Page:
Mirroring Copland’s “Rodeo” Dances before the interval, the second half also included a more extended work, Tchaikovsky’s Romeo and Juliet Overture. Beloved of concert audiences world-wide because of its instant appeal, the piece still doesn’t “play itself” – and James Judd certainly didn’t allow a single moment of anything but committed, characterful and sharply-focused music-making, right from the opening wind chords (so rich, grainy and redolent of “once upon a time in a place called Verona”) to the full-throated passion of the string-saturated utterances at the piece’s climax. Along the way, we heard the most beautifully-shaped phrasings from both strings and winds in the piece’s first section, and plenty of sound and fury from brass and percussion throughout the conflict sequences. And the voicing of the “big tune” by the violas in unison with the cor anglais produced a sound to die for, as did the answering phrases from the other strings, sounded here with such breath-bated tenderness.

I loved the idea of introducing the often-played “Nimrod” from Elgar’s Enigma Variations with the piece that precedes it in the complete work, the lovely “W.N.” (the initials of Winifred Norbury) – Elgar, though happily married, obviously enjoyed the company and friendship of  a number of women, some of whom are “enigmatically” represented in this set of variations. So we got the graceful G Major portrait of Winifred and her sister Florence in their beautiful eighteenth-century house, before the music magically modulated down into a rich and noble E-flat, the key of “Nimrod”, a word-play on the German surname of Elgar’s publisher and friend August Jaeger, and supposedly enshrining discussions between the composer and his friend on the slow movements of Beethoven. As in the complete work, the grace and charm of “W.N.” became the perfect foil for the profundity of the noble “Nimrod”.

After this Wagner’s Ride of the Valkyries was a near-perfect choice, even if I always feel somewhat cheated in the concert-hall when the “Hoyotoho! Hoyotoho!” isn’t there, though for people not familiar with the music in an operatic context it obviously doesn’t matter. I did wonder whether there might have been a spontaneous irruption of Valkyrie-like shouts from some off-duty Valkyrie in the audience carried away by the excitement of the moment! Had I been the concert organizer I would have been tempted to try and “plant” a few such people (dramatic sopranos in mufti!) in antiphonal places in the gallery, just for the sheer fun of it! This was a swift and lightish performance throughout, James Judd keeping his forces “airborne” right to the end, unlike some of the weightier realizations of famous Wagnerians like Hans Knappertsbusch, whose concert performances on record of the last few bars of the work have to he heard to be believed!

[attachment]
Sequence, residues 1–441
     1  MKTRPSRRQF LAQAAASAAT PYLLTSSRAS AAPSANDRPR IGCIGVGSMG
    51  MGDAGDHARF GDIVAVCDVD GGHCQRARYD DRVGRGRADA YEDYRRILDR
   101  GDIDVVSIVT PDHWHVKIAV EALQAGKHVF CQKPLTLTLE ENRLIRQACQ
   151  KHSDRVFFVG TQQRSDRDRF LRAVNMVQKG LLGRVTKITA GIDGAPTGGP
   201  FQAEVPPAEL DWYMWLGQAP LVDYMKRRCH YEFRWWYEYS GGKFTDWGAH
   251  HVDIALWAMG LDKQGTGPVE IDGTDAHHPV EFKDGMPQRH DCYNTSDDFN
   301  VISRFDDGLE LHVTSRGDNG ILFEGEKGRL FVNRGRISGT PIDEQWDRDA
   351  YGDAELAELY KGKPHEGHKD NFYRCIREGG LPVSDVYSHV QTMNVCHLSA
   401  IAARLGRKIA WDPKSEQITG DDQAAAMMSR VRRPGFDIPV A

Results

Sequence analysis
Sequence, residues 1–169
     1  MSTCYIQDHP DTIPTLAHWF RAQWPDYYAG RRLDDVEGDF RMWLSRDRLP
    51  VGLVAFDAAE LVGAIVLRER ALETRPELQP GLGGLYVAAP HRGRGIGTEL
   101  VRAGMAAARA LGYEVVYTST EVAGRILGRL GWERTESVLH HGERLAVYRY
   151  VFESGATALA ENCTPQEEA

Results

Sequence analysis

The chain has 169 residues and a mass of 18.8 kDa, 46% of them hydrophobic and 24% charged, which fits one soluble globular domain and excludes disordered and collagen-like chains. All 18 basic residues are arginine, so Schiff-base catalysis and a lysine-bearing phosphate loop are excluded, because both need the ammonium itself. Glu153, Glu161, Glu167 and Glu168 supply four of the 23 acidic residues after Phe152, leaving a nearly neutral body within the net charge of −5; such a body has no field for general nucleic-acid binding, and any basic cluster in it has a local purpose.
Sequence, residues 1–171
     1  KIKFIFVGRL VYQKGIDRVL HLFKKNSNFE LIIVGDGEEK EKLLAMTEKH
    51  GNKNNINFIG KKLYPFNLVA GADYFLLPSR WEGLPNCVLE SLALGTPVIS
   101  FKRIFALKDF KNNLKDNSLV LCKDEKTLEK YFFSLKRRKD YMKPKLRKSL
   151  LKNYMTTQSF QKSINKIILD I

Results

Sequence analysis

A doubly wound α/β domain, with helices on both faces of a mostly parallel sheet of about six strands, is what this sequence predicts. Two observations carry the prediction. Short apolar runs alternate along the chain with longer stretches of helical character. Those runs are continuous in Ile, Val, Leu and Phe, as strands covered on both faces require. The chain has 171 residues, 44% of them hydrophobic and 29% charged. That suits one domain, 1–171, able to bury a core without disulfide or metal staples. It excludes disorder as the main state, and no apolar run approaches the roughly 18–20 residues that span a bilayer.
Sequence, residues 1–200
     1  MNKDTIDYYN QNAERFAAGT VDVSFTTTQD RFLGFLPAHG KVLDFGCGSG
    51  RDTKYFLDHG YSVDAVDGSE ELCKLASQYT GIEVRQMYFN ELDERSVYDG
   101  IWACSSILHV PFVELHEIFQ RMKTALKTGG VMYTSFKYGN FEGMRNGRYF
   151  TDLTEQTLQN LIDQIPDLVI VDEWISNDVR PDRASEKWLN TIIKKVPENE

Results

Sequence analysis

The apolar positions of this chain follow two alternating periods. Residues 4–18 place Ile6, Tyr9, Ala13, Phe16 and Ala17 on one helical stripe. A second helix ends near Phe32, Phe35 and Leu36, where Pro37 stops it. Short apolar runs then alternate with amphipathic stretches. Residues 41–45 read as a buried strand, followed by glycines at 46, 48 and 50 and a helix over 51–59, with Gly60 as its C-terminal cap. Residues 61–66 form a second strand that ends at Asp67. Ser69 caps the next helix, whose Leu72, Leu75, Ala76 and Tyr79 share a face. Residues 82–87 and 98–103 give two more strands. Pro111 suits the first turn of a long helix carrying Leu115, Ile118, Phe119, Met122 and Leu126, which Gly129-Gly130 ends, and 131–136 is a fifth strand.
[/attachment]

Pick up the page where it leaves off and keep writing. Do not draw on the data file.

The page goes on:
And so we came to the orchestra’s final programmed offering, a spirited rendition of the younger Johann Strauss’s Polka “Thunder and Lightning”, Judd positively exhorting his audience to “make a noise”, which we did, albeit a little inhibitedly. It did the trick, however, as conductor and players rewarded our efforts with one of the classic encores from the famous Viennese “New Year’s Day” concerts, the elder Johann Strauss’s most famous work, the Radetsky March, during which, to everybody’s delight, the conductor “directed” the audience’s clapping, taking particular care to secure the correct dynamic levels for each sequence! The item brought a most successful concert to a bubbling and exuberant conclusion, an antidote for a blessed couple of hours to the dreadful weather which we encountered when making our way home. One wonders which of the tunes we heard during the evening would have made “top of the pops” amongst the satisfied patrons! Thank you, James Judd and the NZSO!